Here’s the final piece based on Omar’s experiences on successfully building a business worth hundreds of millions dollars in just a few years. Today we cover Communication and a final piece of advice that he says is the most important of all.
Don’t hide anything
It’s not worth the trouble and it will come to light eventually.
Re-ask the question if necessary (get a real answer and don’t just go through the motions)
Some people have conversations as if the only thing needed is for both people to move their mouths and make noise. If you are in a conversation make sure you are both really saying something. Feel free to challenge people on fluff until something of substance is uttered.
Russell adds: Omar walks the walk on this one, for sure. I’ve frequently heard him ask the same question numerous times until all is clear.
Be right (unless you have a right to be wrong)
It’s ok to say you don’t know, but it’s not really ok to be dead wrong about things you SHOULD know. Choose your words carefully; people build their opinions about each other through lots of small interactions.
Say no or say when
If someone asks you for something provide them with a clear “No” or a delivery date. Constantly providing open ended “I’ll look into it” answers generally builds frustration after a time.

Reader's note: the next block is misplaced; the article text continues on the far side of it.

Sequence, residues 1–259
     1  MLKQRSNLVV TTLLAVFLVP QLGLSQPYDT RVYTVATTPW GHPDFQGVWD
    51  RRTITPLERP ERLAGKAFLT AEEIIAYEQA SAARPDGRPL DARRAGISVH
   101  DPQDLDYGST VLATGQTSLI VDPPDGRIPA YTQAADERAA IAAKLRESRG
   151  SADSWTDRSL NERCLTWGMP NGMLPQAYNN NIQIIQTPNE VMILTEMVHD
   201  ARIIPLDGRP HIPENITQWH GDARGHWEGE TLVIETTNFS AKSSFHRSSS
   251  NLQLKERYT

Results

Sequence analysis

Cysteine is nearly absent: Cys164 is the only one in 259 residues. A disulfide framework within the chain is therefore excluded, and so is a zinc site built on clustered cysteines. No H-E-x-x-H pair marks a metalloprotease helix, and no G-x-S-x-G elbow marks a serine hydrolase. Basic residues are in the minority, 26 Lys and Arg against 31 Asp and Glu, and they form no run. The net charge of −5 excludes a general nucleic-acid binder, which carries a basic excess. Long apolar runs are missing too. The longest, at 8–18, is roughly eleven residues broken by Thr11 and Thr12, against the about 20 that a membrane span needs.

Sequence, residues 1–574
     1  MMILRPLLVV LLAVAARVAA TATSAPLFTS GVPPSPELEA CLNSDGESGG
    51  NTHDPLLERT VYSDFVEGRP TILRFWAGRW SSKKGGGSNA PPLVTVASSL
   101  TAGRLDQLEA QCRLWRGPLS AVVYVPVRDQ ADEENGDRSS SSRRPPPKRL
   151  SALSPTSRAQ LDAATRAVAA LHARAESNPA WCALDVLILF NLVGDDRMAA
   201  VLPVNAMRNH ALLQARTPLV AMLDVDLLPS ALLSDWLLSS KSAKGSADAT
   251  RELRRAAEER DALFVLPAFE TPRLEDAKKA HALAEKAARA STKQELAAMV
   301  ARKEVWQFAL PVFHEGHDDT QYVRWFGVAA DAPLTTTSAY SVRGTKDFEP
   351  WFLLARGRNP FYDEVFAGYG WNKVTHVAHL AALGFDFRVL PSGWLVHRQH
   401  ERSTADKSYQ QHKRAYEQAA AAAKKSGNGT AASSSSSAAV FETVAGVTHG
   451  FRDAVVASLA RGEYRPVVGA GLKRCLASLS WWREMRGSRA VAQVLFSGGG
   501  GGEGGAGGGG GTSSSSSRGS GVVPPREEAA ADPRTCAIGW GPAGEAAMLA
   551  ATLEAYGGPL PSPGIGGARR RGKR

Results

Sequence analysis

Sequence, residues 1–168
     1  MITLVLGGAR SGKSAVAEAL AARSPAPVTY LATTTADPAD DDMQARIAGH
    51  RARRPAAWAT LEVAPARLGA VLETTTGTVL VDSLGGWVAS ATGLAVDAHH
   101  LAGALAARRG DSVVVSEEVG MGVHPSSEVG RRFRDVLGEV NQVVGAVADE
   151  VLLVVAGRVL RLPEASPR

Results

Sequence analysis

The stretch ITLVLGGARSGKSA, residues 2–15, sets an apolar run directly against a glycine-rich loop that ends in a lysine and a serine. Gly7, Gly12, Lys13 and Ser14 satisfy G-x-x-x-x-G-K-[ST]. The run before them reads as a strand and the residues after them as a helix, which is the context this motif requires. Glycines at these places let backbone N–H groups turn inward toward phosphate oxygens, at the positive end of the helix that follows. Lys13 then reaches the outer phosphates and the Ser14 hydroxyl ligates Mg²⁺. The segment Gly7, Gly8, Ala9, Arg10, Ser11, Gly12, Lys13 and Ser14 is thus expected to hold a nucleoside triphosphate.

Russell adds: Take note Product, Engineering, Sales, Marketing, BD, Finance (is there anyone I’ve left out?) everywhere.
Don’t be afraid
Don’t be afraid to fail, don’t be afraid to get fired.
Don’t be afraid to make a mistake or change your mind.
If you find that you are doing or not doing something simply due to a fear of what might happen, chances are you need to rethink the problem.
Fear is an awful guide and people tend to be awful judges of the true “downside”. One of the most amusing things in the world is watching MBA students at the best business schools in the world fret over their career opportunities as if they will be living out of a cardboard box if they don’t get the right internship.
The best advice I have is that whatever you do, it should be done as if you are reaching for a new opportunity, rather than shrinking from a phantom anxiety.